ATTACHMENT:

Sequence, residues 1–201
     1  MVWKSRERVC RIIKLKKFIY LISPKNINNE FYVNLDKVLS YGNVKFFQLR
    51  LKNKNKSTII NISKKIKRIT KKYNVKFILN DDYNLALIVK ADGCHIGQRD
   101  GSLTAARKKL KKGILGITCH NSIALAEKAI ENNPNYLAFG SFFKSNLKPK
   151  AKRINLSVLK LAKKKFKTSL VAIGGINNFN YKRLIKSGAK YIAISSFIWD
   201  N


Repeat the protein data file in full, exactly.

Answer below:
Sequence, residues 1–201
     1  MVWKSRERVC RIIKLKKFIY LISPKNINNE FYVNLDKVLS YGNVKFFQLR
    51  LKNKNKSTII NISKKIKRIT KKYNVKFILN DDYNLALIVK ADGCHIGQRD
   101  GSLTAARKKL KKGILGITCH NSIALAEKAI ENNPNYLAFG SFFKSNLKPK
   151  AKRINLSVLK LAKKKFKTSL VAIGGINNFN YKRLIKSGAK YIAISSFIWD
   201  N